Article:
Friday, 1 June 2012

Looking for Realisations

At the risk of seeming self-indulgent (and is blogging generally not a self-indulgent passtime anyway?), I am adding an update with regards to my cognitive state subsequent to events of twelve-weeks-ago-tomorrow.
Recovery, physically, is complete. I can cycle, dance, run, do anything I could before from a physical perspective. (But not drive yet as the medical panel of the Driver and Vehicle Licensing Authority needs to get together and talk about me to be sure I am safe before they allow me to drive again).

Given that many sub-arachnoid haemorrage sufferers are permanently affected (i.e. estimates vary but about 50% die immediately, 20% more in the next couple of days and a significant proportion never fully recover their original cognitive function) I am blessed to come out of it generally unscathed. I suppose on the spectrum of SAHs, mine was at the very-less-severe end, for which I am immensely grateful.

It is in fact, in its way, quite fascinating to observe the modularity of the brain's function. A small impairment in the functioning of the left pre-frontal cortex correlates with an inability to direct one's attention. It also seems to cause problems making decisions. Similarly, it affects motivation and I find myself sitting for long periods just thinking, unable to rouse msyelf to any form of action, even for activities I enjoy.
But most of all, and this causes immense fatigue, any noise or distraction, especially conversation in the immediate vacinity, prevents concentration and brings about a feeling of confusion and distress which subsequently makes me sleep for a couple of hours.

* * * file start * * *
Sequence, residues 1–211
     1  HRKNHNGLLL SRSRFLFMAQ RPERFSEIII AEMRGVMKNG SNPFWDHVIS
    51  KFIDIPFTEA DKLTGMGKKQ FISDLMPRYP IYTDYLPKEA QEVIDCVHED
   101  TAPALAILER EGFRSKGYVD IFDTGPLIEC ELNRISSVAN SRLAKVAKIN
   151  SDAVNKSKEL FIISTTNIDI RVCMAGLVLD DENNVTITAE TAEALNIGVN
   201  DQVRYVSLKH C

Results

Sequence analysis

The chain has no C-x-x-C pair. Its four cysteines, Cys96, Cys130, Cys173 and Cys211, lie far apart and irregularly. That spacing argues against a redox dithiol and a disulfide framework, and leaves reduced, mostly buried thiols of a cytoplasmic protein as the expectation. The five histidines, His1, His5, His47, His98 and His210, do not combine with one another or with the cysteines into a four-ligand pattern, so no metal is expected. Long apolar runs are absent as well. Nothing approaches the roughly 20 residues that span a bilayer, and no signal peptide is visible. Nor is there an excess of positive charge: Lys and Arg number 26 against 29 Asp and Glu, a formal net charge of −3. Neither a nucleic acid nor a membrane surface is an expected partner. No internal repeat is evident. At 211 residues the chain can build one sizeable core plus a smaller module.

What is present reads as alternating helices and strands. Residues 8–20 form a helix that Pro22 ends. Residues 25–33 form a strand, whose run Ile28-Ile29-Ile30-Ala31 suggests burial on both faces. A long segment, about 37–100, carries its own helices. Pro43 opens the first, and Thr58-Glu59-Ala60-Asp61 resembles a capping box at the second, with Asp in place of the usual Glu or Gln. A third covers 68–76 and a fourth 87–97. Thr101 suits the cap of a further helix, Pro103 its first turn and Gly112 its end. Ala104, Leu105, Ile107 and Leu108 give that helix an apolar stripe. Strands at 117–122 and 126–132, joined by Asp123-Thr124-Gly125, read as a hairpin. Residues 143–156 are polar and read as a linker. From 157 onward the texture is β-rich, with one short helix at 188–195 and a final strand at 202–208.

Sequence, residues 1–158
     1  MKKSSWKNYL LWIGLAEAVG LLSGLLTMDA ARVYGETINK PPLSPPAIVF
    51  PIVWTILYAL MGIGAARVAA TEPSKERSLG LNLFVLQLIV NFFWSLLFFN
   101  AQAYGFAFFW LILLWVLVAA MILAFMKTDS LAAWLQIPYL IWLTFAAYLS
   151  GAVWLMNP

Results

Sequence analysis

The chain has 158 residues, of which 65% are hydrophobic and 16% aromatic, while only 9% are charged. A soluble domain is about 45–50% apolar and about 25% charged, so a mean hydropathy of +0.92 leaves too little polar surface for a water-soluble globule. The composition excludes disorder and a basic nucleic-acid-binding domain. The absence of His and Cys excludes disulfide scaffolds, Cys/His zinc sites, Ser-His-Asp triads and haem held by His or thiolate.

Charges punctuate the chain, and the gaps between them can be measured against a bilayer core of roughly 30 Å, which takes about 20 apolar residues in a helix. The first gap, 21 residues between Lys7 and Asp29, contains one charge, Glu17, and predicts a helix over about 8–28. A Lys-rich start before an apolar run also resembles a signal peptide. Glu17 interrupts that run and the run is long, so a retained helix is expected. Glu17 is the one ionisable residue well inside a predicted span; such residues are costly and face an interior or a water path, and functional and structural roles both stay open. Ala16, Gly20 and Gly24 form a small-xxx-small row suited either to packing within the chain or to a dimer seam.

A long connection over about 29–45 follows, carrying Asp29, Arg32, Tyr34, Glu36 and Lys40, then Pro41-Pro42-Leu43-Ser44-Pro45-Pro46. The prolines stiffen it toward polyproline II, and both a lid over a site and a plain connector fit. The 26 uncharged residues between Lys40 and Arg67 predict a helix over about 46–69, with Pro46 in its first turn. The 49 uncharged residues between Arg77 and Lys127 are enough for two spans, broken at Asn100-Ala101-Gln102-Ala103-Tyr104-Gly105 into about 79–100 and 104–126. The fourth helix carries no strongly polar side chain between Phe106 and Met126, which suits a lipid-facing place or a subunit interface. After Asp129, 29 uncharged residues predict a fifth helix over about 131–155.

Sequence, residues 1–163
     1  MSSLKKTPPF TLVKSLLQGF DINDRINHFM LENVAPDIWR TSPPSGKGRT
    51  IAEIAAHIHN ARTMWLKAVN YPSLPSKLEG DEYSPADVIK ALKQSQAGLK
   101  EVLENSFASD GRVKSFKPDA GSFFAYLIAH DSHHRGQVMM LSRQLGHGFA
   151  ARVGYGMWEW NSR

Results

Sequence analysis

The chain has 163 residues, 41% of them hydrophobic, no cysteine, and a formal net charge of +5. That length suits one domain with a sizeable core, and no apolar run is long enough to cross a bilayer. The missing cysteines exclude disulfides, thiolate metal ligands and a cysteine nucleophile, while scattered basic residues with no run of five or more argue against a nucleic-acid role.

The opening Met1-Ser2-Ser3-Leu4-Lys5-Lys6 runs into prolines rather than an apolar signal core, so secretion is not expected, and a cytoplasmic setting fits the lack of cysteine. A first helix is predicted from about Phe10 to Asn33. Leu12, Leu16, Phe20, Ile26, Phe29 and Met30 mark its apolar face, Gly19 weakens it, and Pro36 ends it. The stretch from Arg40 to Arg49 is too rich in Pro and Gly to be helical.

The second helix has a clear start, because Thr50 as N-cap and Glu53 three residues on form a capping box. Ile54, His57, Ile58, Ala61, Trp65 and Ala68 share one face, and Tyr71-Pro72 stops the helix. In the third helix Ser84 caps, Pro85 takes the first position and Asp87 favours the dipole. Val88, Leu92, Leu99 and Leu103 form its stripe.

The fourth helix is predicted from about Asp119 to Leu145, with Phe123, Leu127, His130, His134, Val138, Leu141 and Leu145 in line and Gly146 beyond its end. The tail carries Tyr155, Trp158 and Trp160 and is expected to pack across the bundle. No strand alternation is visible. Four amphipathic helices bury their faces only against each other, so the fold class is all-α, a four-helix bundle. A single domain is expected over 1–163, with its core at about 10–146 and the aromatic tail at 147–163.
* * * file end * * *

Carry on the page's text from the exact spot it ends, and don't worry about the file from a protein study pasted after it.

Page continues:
I am told that this will persist for six to twelve months after the initial occurrence. Impatience grows....

Whilst it is annoying not to have full function of my brain, I find the tendency to distraction actually quite liberating. I can daydream and blame it on my "condition". And I do seem to have become significantly more prone to daydreaming, an activity which in recent years  I lamented the absence of.

But what I really wanted to "throw out there" was an attitude I find myself holding that I feel quite guilty for.
Often, when people ask how I am, I try to explain as succinctly and accurately as I can what progress has been made and to outline the residual effects as described above. Now, I have to stress that without exception, everyone has been absolutely lovely these past 12 weeks or so.
But so often, people will say, in an obviously well-meant attempt to imply a sense of normality: "Oh, well, I feel like that all the time!" or "Now you know how the rest of us feel!" (a comment which has an implied compliment in it which makes me cringe with embarrassment)
And guiltily, I suddenly feel incredibly irritated by these responses. Is that wrong? Am I being ungracious?
Oh, the implications and intentions are good. But I am frustrated by the fact my brain cannot do what it used to (albeit temporarily). To be told, jokingly, that this is normal operation for some people, which undoubtedly is not really the case, does not help. Or is that just me being curmudgeonly?

So, twelve eventful weeks have passed. The unbelievable pain, the headaches, the immobility and permanent confusion at the World, have all passed into indistinct memory now. What remains is feeling that something should be learned from events. I just don't know what. To my chagrin, no unavoidable and profound "carpe diem!" revelations leap out to change my world view or provide resolve to "ignore the irrelevent niggles". To derive significance from the experience, I would have to go looking for it and possibly conjure something up from clich├ęs and accepted wisdom.